Paris, 13th District
Paris, 13th District (2021)

Presented in Official Competition last year at Cannes, Jacques Audiard’s new film is a series of tumultuous stories of love and sex weaving together to form a distinctly contemporary picture of Parisian romance.

It’s like having the counterpoint of Jules & Jim, My Night at Maud’s and the New Wave films that shaped our ideas of love in Paris. It’s a different conception of love and intimacy.

“I wanted to examine the state of the modern romantic discourse,” said Audiard, 69, in a recent video interview. For sure, people from his generation didn’t use dating apps. Here in Paris, 13th District, characters pursue a wide range of sexual options and they are open to exploring “out of the box” relationships.

The film takes its title from its setting in Les Olympiades, a neighbourhood of high-rises and walkways in the southeast of Paris that was built as an urban renewal project in the 1960s.

The modernist architecture reinforces the sense that it’s a different kind of story set in the French capital. It’s not the romantic Paris we know, but it’s also a more vibrant and more diverse one. We see members of the large Chinese community living in the 13ème arrondissement.

Smartphones and computer screens are very present but in a non-judgmental way. Nora, the character interpreted by Noémie Merlant (Portrait of a Lady on Fire), develops an unusually meaningful emotional bond with a cam-sex performer. “I see the film as showing a new romanticism,” said Merlant. It’s a virtual love story but it’s also the most sincere one in the film.

The film is loosely adapted from three stories by the American graphic novelist Adrian Tomine. Audiard co-wrote the screenplay with directors Céline Sciamma (Portrait of a Lady on Fire, Girlhood) and Léa Mysius. As with Eric Rohmer, they present a sort of romantic education, with words as a mode of seduction even if they come after sex. Time has shifted the order in which people fall in love.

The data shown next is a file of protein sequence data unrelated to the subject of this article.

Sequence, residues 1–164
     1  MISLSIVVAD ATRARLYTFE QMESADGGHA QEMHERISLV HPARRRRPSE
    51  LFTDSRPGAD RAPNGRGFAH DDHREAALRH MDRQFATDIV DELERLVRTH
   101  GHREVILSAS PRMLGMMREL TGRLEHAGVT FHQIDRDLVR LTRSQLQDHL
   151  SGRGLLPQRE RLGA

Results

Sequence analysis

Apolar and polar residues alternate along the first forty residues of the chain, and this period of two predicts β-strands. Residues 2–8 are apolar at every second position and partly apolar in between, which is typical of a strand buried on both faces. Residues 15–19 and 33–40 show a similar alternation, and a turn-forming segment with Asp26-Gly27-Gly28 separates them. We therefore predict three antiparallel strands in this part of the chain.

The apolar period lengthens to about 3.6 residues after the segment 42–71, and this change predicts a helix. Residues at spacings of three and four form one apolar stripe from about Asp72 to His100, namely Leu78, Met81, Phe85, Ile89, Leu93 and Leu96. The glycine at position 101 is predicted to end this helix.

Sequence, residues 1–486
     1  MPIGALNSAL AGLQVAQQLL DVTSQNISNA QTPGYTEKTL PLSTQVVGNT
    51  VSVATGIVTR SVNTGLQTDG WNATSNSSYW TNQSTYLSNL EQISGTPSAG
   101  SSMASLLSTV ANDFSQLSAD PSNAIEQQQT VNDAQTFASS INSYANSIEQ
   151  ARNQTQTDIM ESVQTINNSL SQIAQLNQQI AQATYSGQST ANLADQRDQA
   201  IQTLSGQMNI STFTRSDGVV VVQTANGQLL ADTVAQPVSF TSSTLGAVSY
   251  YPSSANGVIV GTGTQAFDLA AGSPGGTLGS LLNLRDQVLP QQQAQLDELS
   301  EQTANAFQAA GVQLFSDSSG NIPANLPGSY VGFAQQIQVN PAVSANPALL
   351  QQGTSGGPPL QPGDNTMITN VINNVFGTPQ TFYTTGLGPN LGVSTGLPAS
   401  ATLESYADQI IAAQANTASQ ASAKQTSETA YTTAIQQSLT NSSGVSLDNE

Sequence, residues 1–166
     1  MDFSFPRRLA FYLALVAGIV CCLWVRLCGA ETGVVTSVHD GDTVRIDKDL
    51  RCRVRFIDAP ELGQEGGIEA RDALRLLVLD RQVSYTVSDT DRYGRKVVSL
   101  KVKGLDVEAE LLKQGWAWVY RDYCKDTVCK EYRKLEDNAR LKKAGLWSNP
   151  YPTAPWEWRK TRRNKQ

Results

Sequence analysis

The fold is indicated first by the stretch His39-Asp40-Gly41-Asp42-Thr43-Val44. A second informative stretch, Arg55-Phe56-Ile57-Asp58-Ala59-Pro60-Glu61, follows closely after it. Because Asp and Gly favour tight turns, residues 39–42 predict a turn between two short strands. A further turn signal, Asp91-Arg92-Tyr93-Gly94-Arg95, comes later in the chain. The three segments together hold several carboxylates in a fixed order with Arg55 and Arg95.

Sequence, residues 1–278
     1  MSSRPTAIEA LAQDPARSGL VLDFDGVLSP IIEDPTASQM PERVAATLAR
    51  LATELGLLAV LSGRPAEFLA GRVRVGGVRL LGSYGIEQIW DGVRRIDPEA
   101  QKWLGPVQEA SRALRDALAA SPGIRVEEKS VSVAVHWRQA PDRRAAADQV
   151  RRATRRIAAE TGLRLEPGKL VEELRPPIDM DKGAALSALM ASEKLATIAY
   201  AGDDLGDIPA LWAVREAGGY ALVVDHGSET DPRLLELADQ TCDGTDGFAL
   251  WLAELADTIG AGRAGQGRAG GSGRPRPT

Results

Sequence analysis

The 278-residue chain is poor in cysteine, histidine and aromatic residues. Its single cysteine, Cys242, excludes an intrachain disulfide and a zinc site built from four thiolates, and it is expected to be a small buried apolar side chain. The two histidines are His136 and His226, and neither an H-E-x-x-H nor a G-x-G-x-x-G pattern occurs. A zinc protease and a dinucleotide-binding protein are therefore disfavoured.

Lucia Zhang, one of the leads, has never acted in a feature film before. She was 19 when she auditioned for the role. There are intense sex scenes in the film, but she “wasn’t intimidated or apprehensive by nude scenes,” she said in, a conversation with me for A Rabbit’s Foot.

For Makita Samba who plays Camille in the film, it’s the dialogues who drew him into the film. The actor comes from theatre and for him, he tells me that “the script was so well written, it was like having a musical score for which you need to read the notes and perform.”

It’s really that young generation of actors that we see blossoming here, and the characters they interpret are also full of hopes and dreams, even if some of them aren’t going to last longer than the next fling.